Furthermore, it is rather interesting that Cordes says this specifically:

School level responses that might explain these positive spillovers included higher per PPE  [per pupil expenditure] and changes in school practices such as higher academic expectations, student engagement, and levels of respect and cleanliness at the school, as reported on parent and teacher surveys.

Higher per pupil expenditure?

Higher levels of respect?

In NC, those very things that Cordes says occurred in public schools are the very things that the NCGA is stifling. It’s a total contradiction to what is happening in North Carolina, especially since the removal of charter school capping and the expanse of vouchers, neither of which has produced any empirical data that proves that either is helping our students the way that Luebke would want to claim they are.

In essence, he is using research from a different academic terrain to fit his narrative that cannot be validated because there is no research of what is happening in NC because the very people who want that narrative to exist are controlling the vary variables that would allow for research to provide answers.

And as far as “cleanliness” goes? When you have less resources for a growing student population, then it is hard to keep things maintained. Remember this?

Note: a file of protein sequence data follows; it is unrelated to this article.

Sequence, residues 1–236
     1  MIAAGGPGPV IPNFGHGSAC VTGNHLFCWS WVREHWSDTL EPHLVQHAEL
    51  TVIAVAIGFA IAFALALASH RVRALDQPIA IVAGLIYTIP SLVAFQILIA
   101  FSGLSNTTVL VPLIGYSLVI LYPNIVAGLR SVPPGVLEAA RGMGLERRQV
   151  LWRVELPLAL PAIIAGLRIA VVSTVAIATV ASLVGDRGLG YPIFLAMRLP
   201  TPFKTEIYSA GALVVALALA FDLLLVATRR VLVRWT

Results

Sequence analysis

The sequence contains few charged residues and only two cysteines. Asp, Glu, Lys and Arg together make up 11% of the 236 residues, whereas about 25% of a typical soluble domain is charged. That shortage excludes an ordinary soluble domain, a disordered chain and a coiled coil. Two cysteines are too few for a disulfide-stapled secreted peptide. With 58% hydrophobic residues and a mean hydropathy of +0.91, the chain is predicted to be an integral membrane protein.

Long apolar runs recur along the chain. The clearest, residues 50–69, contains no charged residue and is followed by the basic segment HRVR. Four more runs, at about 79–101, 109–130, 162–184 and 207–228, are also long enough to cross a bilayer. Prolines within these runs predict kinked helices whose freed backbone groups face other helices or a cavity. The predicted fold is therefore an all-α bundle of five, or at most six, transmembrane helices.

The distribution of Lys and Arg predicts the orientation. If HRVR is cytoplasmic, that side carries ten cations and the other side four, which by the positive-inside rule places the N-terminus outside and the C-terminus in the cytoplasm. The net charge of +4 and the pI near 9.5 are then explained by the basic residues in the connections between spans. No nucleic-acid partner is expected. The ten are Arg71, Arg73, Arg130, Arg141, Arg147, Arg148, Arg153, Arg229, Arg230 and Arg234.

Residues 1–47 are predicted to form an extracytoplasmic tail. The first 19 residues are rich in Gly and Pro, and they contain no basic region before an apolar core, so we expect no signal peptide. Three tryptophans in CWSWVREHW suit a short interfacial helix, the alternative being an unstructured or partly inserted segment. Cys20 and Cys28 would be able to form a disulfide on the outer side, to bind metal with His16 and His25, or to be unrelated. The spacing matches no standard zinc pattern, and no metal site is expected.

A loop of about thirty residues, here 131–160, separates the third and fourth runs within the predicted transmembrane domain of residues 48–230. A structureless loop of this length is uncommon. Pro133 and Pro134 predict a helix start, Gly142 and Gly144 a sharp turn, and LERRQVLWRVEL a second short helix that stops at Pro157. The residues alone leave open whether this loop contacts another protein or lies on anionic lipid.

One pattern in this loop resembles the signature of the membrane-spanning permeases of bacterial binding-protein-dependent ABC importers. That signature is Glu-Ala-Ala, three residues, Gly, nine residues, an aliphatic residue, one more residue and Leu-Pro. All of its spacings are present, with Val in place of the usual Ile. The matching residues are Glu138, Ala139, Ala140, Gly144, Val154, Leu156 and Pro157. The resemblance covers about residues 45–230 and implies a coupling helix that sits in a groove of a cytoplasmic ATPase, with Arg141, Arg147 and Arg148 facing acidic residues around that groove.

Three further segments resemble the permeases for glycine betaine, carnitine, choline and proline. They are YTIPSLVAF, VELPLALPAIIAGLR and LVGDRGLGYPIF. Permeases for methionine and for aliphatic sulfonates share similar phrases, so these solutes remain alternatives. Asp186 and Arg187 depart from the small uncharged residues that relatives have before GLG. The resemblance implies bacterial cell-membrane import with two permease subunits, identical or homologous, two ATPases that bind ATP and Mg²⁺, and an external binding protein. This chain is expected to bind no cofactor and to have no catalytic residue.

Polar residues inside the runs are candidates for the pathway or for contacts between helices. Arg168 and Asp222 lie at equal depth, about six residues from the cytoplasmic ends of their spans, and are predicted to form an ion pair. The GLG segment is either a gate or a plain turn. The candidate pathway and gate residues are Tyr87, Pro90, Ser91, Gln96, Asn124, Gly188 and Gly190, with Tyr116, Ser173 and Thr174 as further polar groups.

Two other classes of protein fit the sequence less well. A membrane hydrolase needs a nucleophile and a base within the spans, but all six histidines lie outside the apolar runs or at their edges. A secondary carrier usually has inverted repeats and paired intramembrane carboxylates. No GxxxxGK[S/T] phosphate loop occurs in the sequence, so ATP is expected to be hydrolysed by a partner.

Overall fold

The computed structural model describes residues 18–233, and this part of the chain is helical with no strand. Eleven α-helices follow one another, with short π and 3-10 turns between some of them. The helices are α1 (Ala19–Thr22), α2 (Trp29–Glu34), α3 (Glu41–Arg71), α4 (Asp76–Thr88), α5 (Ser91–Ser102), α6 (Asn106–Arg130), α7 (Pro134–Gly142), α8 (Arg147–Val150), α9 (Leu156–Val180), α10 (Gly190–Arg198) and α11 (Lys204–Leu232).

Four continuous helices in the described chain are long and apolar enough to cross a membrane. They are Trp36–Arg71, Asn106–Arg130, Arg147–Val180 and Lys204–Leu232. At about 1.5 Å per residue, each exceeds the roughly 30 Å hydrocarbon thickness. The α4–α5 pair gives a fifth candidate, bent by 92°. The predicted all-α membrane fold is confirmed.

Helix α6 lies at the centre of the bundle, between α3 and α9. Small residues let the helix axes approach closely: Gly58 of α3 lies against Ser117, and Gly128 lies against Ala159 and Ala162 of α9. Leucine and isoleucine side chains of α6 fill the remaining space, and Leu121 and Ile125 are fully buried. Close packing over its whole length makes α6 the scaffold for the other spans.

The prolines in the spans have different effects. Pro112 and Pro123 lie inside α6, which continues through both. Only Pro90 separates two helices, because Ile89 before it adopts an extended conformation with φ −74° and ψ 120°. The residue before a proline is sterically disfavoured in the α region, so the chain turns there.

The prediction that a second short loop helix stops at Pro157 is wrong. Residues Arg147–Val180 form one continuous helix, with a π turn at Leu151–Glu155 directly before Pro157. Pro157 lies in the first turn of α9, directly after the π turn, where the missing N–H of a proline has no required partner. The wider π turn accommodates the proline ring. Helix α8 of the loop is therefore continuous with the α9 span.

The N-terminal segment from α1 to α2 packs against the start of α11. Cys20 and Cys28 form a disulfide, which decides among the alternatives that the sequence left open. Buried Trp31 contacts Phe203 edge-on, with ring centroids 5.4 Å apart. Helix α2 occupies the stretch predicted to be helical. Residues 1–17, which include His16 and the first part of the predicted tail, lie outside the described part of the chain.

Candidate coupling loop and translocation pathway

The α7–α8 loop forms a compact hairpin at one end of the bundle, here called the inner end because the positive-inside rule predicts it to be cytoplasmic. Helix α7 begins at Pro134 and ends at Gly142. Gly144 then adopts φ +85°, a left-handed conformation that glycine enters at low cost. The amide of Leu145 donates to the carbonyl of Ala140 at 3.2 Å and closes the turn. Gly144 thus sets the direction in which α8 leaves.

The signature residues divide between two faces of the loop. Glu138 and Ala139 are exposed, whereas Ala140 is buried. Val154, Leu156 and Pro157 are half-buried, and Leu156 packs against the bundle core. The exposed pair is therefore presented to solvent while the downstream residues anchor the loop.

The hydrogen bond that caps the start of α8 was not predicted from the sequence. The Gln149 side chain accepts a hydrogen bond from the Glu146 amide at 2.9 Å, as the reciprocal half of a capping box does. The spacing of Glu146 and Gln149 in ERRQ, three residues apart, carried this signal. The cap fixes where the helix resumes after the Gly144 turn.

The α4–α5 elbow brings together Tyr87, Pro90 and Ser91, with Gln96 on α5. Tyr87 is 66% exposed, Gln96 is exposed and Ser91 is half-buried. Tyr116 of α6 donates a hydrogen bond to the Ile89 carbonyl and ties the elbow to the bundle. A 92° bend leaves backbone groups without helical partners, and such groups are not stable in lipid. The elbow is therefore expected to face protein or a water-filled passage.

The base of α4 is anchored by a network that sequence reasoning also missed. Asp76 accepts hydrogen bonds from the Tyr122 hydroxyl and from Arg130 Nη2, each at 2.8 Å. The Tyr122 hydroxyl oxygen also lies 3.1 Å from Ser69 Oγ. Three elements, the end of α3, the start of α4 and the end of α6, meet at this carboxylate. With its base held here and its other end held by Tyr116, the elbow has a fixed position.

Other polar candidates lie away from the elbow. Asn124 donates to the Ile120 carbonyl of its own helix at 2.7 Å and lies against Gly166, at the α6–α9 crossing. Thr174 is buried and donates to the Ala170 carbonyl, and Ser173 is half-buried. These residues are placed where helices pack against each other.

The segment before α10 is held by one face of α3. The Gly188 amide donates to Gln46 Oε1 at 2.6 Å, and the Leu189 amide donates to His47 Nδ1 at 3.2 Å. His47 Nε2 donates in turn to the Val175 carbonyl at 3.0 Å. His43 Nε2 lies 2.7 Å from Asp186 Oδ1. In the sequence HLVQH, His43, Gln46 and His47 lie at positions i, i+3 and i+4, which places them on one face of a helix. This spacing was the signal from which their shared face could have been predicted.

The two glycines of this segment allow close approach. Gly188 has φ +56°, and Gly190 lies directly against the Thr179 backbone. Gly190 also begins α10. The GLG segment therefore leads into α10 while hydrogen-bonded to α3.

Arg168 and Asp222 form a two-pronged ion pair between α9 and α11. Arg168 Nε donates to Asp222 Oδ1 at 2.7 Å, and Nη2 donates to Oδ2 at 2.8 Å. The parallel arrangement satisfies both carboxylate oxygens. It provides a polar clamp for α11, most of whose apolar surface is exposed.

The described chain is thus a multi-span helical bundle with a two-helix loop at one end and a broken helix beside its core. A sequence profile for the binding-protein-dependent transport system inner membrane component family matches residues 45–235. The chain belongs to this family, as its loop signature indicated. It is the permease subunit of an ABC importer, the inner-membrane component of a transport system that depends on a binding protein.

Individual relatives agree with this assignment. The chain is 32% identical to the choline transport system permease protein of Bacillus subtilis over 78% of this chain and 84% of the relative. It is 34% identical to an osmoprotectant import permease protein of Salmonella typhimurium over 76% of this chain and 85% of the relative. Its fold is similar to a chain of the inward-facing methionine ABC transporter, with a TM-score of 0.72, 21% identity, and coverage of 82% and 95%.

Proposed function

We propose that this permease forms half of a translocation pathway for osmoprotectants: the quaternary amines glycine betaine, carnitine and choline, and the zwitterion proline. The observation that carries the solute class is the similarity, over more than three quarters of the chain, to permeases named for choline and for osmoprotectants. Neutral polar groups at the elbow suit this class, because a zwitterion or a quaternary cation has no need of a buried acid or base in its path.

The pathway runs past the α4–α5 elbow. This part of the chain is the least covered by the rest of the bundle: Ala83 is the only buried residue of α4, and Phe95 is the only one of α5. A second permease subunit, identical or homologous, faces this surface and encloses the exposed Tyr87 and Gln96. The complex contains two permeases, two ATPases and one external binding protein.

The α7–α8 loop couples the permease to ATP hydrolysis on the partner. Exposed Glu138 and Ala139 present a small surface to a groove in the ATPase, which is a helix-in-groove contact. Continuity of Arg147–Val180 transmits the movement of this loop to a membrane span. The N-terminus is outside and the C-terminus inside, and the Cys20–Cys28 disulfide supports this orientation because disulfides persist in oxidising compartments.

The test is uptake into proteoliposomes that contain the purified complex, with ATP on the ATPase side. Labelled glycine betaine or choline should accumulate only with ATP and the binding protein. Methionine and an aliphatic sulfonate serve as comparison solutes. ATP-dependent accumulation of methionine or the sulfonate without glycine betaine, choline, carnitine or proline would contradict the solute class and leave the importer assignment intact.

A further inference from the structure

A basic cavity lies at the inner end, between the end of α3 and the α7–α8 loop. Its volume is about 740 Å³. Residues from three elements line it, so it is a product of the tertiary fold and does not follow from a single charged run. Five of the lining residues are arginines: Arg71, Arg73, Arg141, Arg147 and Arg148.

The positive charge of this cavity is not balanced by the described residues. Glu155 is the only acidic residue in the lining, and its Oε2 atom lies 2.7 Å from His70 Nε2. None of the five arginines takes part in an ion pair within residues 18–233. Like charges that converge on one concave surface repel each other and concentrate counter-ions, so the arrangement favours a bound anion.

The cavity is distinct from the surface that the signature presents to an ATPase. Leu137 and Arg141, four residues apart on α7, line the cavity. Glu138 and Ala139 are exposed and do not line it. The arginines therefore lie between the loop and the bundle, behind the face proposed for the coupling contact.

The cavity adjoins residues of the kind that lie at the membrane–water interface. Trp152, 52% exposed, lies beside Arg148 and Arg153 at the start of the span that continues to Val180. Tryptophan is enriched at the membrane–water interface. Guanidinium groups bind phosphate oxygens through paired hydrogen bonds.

EDEN — A bathroom that doesn’t have toilet paper.

A classroom lacking textbooks.

A copy machine without paper.

In some Rockingham County schools, there’s not enough money to buy these — and other things.

When that was revealed last week during a meeting of the Rockingham County Board of Education, it came as a shock to some and a surprise to others (http://www.journalnow.com/news/state_region/rockingham-county-schools-short-on-the-basics/article_61b15a34-bcfd-5407-83a4-86a2830c5ab2.html).

That’s Phil Berger’s district. His son was trying to open up a new charter school in the area at that very time.

That was in 2014 – not 1996-2010.

Leubke referenced an interview on the study by the education web site The 74. You should check out that outfit.

74 1.png

But be sure to understand that it really is not non-partisan. It was founded by Campbell Brown, one of the leading voices of the privatization movement.

And you might want to be sure to see who has funded The 74. That list alone makes the term “non-partisan” a synonym for the “current administration.” At the top of the list is Betsy DeVos.

Mercedes Schneider did some incredible research on The 74 and its funding – https://deutsch29.wordpress.com/2016/12/01/a-challenge-for-campbell-browns-the-74-publicize-your-detailed-history/).

Along with DeVos, there is the Walton and Broad Foundations. And don’t forget to see Brown’s connections with Wall Street and her convenient role on the boards of New York’s Success Charter Schools. In fact, check out this piece on Brown and her “non-partisan” ways – http://www.politico.com/tipsheets/morning-education/2016/11/campbell-brown-steps-back-from-coverage-217630.

Luebke’s celebration of Cordes’s research of a different educational terrain from years and decades ago is like a square peg that Leubke is trying to shove into a round hole that he has helped to mold and shape.

That peg does not fit and he’s trying to convince you that it does. That should automatically make you doubt whatever he might have to say about public education.